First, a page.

Ann: A good rule of thumb, I used to tell small business owners this when I was coaching them, “If you have to put your hands on something, typically more than one time, it’s time to create a system,” right?
Ann: “Or it’s time to put a process in place for that.” Because when you’re touching things too much, that lowers productivity. All of those things keep things in chaos. Especially if you’re putting out a fire repeatedly, it’s a clear indication that you have to fix that. You can’t just keep doing that. But how many do?
Set Up Project Management Systems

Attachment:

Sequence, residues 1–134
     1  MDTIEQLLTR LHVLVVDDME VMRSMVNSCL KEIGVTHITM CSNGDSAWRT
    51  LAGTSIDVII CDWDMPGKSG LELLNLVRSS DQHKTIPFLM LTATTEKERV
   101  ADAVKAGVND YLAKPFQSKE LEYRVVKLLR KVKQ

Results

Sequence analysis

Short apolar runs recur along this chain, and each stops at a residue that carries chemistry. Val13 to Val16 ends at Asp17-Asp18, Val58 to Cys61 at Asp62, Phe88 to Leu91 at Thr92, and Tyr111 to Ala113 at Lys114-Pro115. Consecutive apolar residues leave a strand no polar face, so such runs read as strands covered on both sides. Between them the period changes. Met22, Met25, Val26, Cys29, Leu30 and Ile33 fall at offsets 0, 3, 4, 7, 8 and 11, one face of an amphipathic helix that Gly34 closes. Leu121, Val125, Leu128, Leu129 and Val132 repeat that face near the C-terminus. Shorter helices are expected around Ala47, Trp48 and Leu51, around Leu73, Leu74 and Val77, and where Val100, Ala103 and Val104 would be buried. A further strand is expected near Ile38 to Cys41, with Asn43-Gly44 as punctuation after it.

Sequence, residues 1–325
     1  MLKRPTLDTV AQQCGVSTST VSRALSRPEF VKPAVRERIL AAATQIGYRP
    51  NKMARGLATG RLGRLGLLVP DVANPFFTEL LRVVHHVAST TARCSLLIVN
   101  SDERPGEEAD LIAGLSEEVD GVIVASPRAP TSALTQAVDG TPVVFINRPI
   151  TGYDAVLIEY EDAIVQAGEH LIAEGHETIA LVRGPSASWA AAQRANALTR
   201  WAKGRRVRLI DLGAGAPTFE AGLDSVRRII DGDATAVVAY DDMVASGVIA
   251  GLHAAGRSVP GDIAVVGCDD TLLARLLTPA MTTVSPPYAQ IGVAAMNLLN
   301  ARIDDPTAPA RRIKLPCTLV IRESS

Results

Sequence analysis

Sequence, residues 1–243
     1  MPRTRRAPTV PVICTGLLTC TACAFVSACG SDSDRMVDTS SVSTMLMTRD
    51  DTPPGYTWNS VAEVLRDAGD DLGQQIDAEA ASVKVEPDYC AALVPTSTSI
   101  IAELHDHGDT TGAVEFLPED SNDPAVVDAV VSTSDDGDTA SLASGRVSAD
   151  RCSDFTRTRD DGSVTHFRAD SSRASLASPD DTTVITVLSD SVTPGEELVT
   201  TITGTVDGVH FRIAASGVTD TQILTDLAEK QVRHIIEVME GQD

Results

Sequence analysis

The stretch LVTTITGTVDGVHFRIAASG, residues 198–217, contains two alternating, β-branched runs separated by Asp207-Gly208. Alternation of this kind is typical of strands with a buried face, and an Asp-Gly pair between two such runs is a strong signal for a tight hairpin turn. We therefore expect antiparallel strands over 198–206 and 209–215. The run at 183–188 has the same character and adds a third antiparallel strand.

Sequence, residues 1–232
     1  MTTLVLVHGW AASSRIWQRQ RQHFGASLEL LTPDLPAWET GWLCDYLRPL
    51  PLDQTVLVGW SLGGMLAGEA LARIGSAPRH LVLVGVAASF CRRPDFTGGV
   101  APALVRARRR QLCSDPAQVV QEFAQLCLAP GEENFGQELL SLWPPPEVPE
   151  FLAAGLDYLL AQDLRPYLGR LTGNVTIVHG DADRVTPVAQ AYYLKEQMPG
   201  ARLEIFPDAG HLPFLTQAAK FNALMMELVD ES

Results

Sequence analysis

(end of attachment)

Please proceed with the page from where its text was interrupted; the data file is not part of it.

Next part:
Susan: Right. Usually putting out fires is a symptom of bad execution and project management. The process can help you get there, and developing the process is part of structuring your project management so that it works so that you’re delivering the same way every time, which also makes you scalable. That project management feature should be something you’re considering when selling. What am I promising the client? Is that actually what we’re going to deliver? Then, how are we going to execute that repeatedly? Not everything is custom, right? When it takes you as an owner an hour and a half to write a proposal for every client, you’re probably not delivering something that is repeatable and scalable. You’re good if you can replace a few bullets and be done in five or 10 minutes. That’s when you know you started to develop that process that’s repeatable. Those things in your project management function become templates for how you execute. Even though the deliverable might be something different every time. Say, you’re a software developer and make custom software for a client. Well, if you’re not delivering the same thing to the client every time, then it would be a product, right?